‘Palestinian Stories’: A reason to boycott Netflix? - opinion

Do I have to miss all the other international offerings on Netflix that I appreciate in order to protest the use of its platform for demonizing my country?

Palestinian cultural consultant and actress Huda al Imam watches her film ‘Ave Maria,’ part of the new ‘Palestinian Stories’ series on Netflix, at her home in the Sheikh Jarrah neighborhood, Jerusalem. (photo credit: AMMAR AWAD/REUTERS)
Palestinian cultural consultant and actress Huda al Imam watches her film ‘Ave Maria,’ part of the new ‘Palestinian Stories’ series on Netflix, at her home in the Sheikh Jarrah neighborhood, Jerusalem.
(photo credit: AMMAR AWAD/REUTERS)

When Netflix announced its group of films called Palestinian Stories, they invited subscribers to “discover all the greatness of Palestinian cinema with this heartfelt, humorous and captivating collection that features award-winning films and filmmakers.”

I had already seen one of the films included in the collection: The Present. Filled with lies, it was clearly just a vehicle for anti-Israel propaganda and I critiqued the film in depth. Therefore I turned to Facebook friends, seeking  alternatives to Netflix. They provided a variety of suggestions.

Yet I still am resistant to switch. For one reason only. Netflix brings movies from around the world, made by them and from within their own cultural and societal realities, not movies made about them by others, as we might find in Hollywood. American movies with Asian themes, for instance, are always in relation to the United States – either Asian immigrants and their experiences in America or Americans and their experiences in Asia.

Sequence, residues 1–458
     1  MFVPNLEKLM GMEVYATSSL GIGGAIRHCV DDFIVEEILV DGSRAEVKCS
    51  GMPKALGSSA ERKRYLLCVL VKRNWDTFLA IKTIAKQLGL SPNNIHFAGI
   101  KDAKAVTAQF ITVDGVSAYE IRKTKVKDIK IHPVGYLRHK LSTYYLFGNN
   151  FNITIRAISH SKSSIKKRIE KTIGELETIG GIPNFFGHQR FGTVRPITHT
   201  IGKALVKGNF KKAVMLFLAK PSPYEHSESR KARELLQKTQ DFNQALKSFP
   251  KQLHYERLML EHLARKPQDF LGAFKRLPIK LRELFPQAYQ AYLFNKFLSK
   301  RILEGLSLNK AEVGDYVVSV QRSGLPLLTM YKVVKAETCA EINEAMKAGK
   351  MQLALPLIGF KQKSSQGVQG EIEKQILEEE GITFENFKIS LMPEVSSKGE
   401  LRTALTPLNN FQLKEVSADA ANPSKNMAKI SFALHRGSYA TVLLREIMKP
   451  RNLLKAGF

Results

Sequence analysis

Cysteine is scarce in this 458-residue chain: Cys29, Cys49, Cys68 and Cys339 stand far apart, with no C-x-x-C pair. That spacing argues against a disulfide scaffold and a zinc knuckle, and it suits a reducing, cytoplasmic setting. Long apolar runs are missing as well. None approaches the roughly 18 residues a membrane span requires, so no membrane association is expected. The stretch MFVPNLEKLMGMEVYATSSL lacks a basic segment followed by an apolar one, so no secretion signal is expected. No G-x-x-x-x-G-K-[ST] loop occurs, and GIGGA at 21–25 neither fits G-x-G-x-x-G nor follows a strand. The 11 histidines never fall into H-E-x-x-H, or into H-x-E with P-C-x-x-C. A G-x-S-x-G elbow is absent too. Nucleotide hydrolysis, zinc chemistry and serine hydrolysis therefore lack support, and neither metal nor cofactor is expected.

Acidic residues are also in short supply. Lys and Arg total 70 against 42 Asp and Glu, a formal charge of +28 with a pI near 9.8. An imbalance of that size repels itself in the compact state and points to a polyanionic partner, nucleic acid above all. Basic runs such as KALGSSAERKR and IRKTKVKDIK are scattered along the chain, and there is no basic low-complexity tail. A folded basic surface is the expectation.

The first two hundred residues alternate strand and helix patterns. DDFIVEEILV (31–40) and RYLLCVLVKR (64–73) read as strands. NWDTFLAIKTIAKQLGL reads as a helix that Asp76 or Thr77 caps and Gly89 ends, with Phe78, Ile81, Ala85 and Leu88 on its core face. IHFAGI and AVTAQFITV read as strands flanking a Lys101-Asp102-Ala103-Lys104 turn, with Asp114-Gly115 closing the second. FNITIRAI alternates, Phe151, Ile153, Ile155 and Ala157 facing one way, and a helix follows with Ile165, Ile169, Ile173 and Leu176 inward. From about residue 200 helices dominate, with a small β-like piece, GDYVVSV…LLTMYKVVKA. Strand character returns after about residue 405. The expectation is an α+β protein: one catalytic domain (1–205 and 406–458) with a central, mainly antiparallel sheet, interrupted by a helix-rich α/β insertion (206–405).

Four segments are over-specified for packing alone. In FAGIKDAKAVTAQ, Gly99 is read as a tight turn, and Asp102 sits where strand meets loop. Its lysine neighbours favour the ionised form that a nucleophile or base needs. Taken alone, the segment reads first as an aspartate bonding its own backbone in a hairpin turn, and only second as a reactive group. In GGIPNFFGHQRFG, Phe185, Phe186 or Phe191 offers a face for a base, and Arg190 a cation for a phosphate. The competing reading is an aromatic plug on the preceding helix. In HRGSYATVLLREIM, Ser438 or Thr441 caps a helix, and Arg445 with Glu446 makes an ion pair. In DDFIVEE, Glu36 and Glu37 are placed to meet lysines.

On Netflix we find movies that are like opening a window into their own societies as told by them for themselves. I am enjoying films from Lebanon (and there is no anti-Israeli tone in them, even when dealing with war, such as Under the Bombs), from Korea (I love their detective films), a legal series from Abu Dhabi, and more. And herein lies the big difference between films from other countries and this set of films from the Palestinian Authority. 

It is as if nothing else concerns the PA population other than “the occupation.” Every problem they have is seen through the lens of “the occupation.” The brief descriptions of these films show this. For example, for Salt of this Sea:

“A Palestinian American woman travels to her homeland to retrieve her grandfather’s savings, which had been frozen since his exile during the Nakba.”

The word “Nakba” is a loaded term referring to the displacement of about 700,000 Arabs from the State of Israel during the War of Independence. Of course that was a catastrophe for those involved, but the term is one that seeks to delegitimize Israel. The displacement and murder of millions of Syrians is also a catastrophe, but the word Nakba is not used to refer to this ongoing tragedy, for example. Is Netflix going to make a series titled “Syrian Stories”? 

Not likely.